Other ways to preserve tomatoes besides canning
Q. Are there other ways to preserve tomatoes besides canning?
A. There are several other ways to preserve your bounty. One is oven-drying. This method - cooking the tomatoes at low heat for several hours - concentrates the flavor, giving it a rich zing. Once dried, tomatoes can be frozen for up to six weeks. Use them chopped to add depth to sauces and soups. Also try substituting them for basil in pesto. Toss the mixture with pasta or use it as a sandwich spread; the intense taste can transform a dish. For a recipe, go to www.marthastewart.com/oven-dried-tomatoes.
You could also make a large pot of your favorite sauce with the extras. Divide it into airtight containers and store in the freezer for up to six months.
If you have green tomatoes that won’t ripen by the first frost, try pickling them. Sliced, they’re delicious in sandwiches and will keep in the refrigerator for up to one month. For a recipe, go to www.martha stewart.com/pickled-green-tomatoes.
Watermelon: vegetable or fruit?
Q. How can watermelon be Oklahoma’s state vegetable? I thought it was a fruit.
A. Botanists describe fruit as the fleshy part of a plant that contains seeds and a vegetable as any other edible plant part. The rest of us tend to think in terms of flavor - fruits are sweet and vegetables aren’t. So while a botanist considers a tomato a fruit, the less botanically minded see it as a vegetable. By either definition, watermelon is a fruit.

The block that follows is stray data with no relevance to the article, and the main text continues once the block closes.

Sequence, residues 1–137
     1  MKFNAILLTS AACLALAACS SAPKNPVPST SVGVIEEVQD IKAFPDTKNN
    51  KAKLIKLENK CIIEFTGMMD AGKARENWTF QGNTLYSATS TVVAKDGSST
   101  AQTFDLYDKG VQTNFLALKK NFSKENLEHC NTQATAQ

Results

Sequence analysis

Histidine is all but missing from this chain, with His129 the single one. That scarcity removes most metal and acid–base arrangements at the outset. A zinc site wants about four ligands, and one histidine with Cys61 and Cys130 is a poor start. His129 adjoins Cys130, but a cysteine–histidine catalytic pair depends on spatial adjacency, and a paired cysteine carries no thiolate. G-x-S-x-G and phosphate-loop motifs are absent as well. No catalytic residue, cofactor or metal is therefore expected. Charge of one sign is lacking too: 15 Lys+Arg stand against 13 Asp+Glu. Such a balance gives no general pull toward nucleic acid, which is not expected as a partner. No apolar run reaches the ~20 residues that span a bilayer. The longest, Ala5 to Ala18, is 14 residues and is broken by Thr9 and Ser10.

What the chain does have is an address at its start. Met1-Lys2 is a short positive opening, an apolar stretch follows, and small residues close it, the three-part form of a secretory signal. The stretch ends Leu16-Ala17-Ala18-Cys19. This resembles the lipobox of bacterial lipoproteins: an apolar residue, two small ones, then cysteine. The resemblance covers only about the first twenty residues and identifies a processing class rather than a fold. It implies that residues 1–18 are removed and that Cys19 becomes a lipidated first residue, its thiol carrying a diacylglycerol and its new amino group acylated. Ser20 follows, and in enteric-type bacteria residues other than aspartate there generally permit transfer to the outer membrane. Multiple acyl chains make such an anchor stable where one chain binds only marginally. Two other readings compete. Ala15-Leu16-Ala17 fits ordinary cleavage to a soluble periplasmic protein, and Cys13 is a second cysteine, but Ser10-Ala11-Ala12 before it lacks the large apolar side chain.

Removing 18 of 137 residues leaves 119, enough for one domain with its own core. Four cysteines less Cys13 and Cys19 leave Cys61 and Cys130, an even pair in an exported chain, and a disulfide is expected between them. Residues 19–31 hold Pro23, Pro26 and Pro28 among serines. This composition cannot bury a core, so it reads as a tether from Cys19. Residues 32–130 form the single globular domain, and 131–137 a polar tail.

But in 2007, the Oklahoma Legislature declared the watermelon the state’s official vegetable. The reasoning? According to the law, “The watermelon may in fact be considered both a fruit and a vegetable as a result of its membership in the botanical family Cucurbitaceae, with other family members such as the cucumber, pumpkin, and squash.’’
However watermelons are defined, Oklahoma produces tons of them - about 20,000 in 2008. Every summer, several fairs celebrate the state vegetable. The town of Valliant in southeastern Oklahoma, near the Texas border, kicks off the festivities this year on July 29 with the Watermelon and Craft Show.
A garden ornament with history
Q. I saw mushroom-shaped “staddle’’ stones in Ireland recently. Where can I find these in the United States?
A. For hundreds of years, these mushroom-shaped stones functioned as stilts, lifting granaries and corncribs in Great Britain and Ireland about 2 feet off the ground in order to protect cereal crops from flooding and vermin (the overhang of the staddle stone’s top portion is said to be nearly impossible for rodents to crawl over).
By the 20th century, the stones were still standing, although many of the granaries and corncribs weren’t. Gardeners in the US bought them to use as ornaments, says Barbara Israel, of Barbara Israel Garden Antiques, in Katonah, N.Y.
Staddle stones look beautiful alone as an accent in an English-style garden. A collection of staddle stones lends character to any landscape. Genuine ones have been sold through auctions for thousands of dollars. Stonemasons who specialize in garden ornamentation create and sell reproductions for less than $200, but these lack the patina of lichen and moss that grows on a genuine antique staddle stone.
Adapted from Martha Stewart Living.